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Cui Jie


“With globalization, though, the whole concept of so-called “Chinese characteristics” has been blurred. But even though I don’t emphasize them, there are definitely some Chinese “symbols” that I’ve been exposed. But whether these symbols come out in my work is something the audience needs to decide.”

Cui Jie (born in 1983 in Shanghai) belongs to a young generation of Chinese painters, which clearly emancipated themselves from the past and the dominating painting styles of the last decades. After graduating from the China Academy of Art in Hangzhou, Cui rapidly gained popularity due to works which question our seemingly objective perception of reality: astronauts marching through the Forbidden City, beauty queens gathering for a photo shoot on the moon. Her style of painting is dominated by a colour palette that can almost be described as dulcet and a rather impasto style.

In her more recent works she turns to a less playful style and rather subtle tones. Influenced by Orson Well‘s films, among others, her figurative works focus on the relationship between space and figure. In a second group of works she reduces the subject to deserted cityscapes, which seem strange and familiar at the same time.

Cui’s works are exhibited worldwide, including: “Face”, Minsheng Art Museum, Shanghai (2012), 4th Prague Biennal, Czech Republic (2009), “Poetic Realism: An Reinterpretation of Jiangnan – Contemporary Art from South China”, ”Centro de Arte Tomás y Valiente”, Madrid, Spain (2008), “Notes of Conception”, Iberia Center for Contemporary Art, Beijing, China (2008).


The 2012 work “Office” captures the spectator already due to its impressive size of 180 x 180cm. Applying the technique of layer painting and using the classic medium of oil paint on canvas Cui achieves to, at the same time, create a radiant, shimmering surface, and depth of the painting which reveals the underlying layers at certain areas.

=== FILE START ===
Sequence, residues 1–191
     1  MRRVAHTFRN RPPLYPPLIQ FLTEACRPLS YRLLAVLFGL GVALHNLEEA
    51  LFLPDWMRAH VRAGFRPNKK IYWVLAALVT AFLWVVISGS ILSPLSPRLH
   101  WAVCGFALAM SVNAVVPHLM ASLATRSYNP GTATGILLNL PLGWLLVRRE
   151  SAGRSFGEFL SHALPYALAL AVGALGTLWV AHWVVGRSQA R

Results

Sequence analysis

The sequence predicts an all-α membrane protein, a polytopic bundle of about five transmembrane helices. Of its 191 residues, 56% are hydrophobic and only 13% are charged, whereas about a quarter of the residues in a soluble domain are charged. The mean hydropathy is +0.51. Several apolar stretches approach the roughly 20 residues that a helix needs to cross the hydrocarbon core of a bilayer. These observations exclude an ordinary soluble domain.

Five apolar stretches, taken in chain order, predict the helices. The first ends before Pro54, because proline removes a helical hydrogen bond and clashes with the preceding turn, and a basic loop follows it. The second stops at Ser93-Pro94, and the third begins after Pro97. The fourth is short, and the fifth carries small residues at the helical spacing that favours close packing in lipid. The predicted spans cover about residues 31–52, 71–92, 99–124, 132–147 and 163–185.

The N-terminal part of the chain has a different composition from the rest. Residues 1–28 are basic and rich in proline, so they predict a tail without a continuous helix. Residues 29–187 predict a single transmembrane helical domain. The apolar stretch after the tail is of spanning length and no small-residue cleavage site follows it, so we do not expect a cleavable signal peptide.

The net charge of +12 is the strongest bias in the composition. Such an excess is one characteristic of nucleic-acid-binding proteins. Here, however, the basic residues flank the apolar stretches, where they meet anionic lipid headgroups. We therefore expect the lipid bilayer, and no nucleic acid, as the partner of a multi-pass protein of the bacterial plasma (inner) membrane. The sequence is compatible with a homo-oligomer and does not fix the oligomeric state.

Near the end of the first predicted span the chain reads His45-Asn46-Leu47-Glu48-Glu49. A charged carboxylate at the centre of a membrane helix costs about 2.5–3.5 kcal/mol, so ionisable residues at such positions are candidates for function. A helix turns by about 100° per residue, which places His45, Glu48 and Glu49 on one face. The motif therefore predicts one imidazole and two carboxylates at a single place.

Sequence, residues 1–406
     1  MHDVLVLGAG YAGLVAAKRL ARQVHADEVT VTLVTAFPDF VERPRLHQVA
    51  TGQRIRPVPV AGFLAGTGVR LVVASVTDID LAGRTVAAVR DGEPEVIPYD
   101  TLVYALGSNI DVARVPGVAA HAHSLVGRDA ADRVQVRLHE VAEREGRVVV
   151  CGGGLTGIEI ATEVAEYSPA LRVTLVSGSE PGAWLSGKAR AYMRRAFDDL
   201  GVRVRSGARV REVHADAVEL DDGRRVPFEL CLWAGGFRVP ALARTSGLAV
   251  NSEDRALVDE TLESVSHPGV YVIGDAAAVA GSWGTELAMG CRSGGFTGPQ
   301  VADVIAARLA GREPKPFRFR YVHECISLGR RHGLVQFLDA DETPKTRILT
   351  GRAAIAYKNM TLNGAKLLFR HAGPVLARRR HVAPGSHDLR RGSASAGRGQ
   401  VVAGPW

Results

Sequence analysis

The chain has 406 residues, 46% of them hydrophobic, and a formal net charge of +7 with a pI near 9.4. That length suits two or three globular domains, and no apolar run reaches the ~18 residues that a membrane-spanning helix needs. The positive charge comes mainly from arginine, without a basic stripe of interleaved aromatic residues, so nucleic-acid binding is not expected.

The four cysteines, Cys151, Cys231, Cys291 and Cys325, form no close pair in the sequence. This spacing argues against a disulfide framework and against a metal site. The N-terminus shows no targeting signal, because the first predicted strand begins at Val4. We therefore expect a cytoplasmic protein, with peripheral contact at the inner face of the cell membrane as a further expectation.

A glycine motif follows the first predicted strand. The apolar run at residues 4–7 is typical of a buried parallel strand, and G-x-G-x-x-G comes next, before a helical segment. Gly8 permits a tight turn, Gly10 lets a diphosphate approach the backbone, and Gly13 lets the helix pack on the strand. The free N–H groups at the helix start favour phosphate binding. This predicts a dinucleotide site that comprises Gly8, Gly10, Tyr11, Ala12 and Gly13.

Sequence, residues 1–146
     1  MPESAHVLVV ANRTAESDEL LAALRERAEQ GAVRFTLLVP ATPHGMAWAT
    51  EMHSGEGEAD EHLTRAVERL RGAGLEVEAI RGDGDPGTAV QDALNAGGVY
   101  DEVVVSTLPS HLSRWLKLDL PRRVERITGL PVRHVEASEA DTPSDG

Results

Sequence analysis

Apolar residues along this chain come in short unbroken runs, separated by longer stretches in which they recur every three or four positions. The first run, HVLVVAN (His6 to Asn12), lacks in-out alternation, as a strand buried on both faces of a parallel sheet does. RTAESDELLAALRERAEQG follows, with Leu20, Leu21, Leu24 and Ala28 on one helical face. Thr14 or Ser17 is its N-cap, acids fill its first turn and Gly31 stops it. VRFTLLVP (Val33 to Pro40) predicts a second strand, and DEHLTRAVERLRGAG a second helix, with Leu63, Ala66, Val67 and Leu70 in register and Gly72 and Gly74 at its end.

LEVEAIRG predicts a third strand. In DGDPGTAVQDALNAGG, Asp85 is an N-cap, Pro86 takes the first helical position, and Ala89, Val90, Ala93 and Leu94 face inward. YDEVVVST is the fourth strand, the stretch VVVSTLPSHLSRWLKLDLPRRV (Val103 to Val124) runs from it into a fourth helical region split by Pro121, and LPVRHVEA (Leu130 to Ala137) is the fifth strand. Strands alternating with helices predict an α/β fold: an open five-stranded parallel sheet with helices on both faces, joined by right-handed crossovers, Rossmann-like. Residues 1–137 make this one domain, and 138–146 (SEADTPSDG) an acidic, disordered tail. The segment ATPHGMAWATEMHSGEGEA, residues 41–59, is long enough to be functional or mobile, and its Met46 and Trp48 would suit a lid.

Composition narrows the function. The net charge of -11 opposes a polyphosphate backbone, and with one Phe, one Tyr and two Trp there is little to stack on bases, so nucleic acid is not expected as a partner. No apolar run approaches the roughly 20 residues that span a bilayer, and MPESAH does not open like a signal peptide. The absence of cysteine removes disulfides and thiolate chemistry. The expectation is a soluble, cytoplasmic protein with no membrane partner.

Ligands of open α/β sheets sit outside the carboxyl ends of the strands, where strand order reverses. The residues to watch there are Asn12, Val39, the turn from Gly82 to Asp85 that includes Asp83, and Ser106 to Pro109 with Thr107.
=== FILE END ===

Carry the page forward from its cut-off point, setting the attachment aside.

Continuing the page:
The painting presents a spatial structure, which is divided by different architectural elements such as columns or cubes which appear to be wooden. In the background a door becomes visible that seems to lead to a back room. A second floor can also be recognized although it is only shown fragmentarily. The image is dominated by an abstract grey space, which takes over almost half of the painting. The impression of an empty, seemingly deserted space is created, which, due to the interplay of abstract and concrete form elements in the end remains undefined.

Cui deliberately uses the fragmented. She evokes familiar associations in her urban landscapes. At the same time her scenarios seem to be mysterious and almost disconcerting. Cui creates a feeling of rootlessness, which seems to be prevailing in so many Chinese cities. According to the critic Gu Ling, “Cui Jie uses painting to connect the alienation people feel in relation to one another with the alienation they feel in relation to the city. And in these multi-perspective spaces, she parses out the true sense of human and material existence”.

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